There is an intriguing letter in The Times today about the difficulties of ensuring accurate translation of legal texts into diverse languages.
The author, Professor Muir Hunter, who had worked on official translations for the Foreign and Commonwealth Office, recalls that he had to work on the draft EEC bankruptcy convention, drafted in French, translated into German, Italian and Dutch, and then into English.
The result was so unsatisfactory that Prof. Hunter had to re-translate the text himself. The outcome was four master texts, each declared to be "authentic", in places markedly different in sense. "What will have happened to the EU constitution", Prof. Hunter asks, “after 20 or more teams of translators have been at work?”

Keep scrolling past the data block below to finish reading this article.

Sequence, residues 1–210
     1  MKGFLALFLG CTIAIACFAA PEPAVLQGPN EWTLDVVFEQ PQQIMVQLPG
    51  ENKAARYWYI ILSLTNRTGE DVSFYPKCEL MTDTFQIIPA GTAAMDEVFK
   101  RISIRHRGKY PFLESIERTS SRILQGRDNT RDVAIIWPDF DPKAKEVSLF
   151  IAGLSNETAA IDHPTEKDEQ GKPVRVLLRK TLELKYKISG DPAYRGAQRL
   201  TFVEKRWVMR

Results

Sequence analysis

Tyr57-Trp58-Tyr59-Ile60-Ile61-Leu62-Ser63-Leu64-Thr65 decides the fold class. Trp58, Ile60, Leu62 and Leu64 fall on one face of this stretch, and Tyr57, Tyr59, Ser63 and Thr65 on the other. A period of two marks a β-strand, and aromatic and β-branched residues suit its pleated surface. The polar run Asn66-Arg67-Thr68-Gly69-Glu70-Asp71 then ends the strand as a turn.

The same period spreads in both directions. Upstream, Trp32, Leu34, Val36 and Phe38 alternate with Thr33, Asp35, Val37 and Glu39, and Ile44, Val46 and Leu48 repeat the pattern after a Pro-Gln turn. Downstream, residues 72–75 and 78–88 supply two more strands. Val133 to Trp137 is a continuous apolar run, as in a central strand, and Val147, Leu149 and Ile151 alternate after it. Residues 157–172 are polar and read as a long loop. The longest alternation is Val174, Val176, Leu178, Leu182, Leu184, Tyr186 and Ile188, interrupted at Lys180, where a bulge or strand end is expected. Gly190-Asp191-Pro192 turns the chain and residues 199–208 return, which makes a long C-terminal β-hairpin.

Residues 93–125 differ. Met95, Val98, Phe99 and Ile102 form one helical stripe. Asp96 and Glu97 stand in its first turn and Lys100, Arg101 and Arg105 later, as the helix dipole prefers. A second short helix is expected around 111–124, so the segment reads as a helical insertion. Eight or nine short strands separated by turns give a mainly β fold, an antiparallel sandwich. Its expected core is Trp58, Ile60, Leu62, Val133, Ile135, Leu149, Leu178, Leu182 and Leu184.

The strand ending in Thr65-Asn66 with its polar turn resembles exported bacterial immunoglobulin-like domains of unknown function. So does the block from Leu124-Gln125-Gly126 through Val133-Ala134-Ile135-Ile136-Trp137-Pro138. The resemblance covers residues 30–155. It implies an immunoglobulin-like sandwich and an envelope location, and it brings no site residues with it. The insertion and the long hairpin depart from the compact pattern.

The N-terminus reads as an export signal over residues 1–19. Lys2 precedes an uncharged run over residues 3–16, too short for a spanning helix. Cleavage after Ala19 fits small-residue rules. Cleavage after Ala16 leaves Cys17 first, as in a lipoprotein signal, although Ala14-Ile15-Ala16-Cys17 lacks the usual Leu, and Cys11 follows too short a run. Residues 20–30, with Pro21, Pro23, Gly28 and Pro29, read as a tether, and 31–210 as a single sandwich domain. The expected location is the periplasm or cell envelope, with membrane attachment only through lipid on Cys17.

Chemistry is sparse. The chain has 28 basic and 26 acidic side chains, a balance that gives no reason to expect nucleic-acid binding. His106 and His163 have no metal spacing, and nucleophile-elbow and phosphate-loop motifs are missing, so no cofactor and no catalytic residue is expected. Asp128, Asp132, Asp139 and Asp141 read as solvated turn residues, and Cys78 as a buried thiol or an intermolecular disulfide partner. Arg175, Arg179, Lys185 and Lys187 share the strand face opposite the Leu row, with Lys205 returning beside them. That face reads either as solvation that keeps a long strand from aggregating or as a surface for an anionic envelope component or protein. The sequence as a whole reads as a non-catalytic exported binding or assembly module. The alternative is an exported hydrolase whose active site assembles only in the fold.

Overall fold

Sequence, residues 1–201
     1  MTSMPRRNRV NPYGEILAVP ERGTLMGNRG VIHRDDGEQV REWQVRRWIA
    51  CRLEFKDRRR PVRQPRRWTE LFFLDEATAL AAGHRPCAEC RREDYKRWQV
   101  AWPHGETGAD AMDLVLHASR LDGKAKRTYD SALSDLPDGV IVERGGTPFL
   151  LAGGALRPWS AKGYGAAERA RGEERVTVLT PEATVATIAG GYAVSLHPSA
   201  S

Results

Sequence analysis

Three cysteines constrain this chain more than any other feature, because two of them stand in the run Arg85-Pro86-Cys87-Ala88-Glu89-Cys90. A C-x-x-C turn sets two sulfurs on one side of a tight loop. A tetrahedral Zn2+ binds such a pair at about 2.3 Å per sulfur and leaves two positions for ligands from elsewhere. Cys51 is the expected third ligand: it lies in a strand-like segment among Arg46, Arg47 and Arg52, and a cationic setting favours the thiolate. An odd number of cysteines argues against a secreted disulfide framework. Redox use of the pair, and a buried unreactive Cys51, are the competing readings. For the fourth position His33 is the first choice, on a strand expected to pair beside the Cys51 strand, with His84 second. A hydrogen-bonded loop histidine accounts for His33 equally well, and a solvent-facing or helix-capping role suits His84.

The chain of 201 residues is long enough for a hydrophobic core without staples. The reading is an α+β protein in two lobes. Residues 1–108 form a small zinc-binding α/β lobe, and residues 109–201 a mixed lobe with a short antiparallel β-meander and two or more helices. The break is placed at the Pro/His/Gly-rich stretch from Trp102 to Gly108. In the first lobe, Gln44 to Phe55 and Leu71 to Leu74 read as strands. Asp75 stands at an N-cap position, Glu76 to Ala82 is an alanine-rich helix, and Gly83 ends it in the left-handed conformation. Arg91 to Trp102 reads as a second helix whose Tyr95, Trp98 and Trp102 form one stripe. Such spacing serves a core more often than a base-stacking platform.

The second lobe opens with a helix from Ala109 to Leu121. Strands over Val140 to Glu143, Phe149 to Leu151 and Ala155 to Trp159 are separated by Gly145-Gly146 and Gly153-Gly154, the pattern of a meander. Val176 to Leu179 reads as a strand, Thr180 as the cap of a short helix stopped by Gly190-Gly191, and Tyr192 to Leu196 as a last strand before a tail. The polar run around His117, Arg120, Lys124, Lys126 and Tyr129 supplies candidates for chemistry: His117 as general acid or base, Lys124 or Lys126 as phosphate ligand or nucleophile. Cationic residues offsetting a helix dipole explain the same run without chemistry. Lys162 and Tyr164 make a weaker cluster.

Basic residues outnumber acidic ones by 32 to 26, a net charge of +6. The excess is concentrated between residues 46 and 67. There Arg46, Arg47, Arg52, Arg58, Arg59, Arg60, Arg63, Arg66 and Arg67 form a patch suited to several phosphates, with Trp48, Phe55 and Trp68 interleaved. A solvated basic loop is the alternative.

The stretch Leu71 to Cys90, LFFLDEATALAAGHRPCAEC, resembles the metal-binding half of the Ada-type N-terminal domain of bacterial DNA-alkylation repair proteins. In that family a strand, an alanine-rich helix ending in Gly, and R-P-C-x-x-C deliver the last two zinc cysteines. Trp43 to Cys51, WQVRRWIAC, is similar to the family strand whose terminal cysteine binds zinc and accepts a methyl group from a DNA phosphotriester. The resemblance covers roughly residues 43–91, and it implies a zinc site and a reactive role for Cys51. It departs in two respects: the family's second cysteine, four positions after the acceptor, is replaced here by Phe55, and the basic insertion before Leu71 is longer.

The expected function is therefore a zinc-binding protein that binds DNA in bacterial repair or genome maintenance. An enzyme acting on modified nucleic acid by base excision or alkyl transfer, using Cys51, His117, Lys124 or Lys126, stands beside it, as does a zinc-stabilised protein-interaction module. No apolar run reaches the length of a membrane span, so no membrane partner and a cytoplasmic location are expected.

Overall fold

The question is well put, as we have direct experience of the old joke from the First World War, when the message to "send reinforcements, we're going to advance", got corrupted through multiple transmissions, to arrive at HQ – to the puzzlement of the recipients - as "send 3/4d, we're going to a dance".
In September 2001, Jeffrey Titford, then one of the two UKIP MEPs, gave a speech in the European Parliament on the European Aviation Safety Agency.
The report, produced by rapporteur Ingo Schmitt, could best be described as a "dog's dinner", which left Jeffrey to conclude his speech with the comment, "What a mess Herr Schmitt". This was duly recorded in the English text as "What a Messerschmidt" (sic). God knows what the Germans made of it.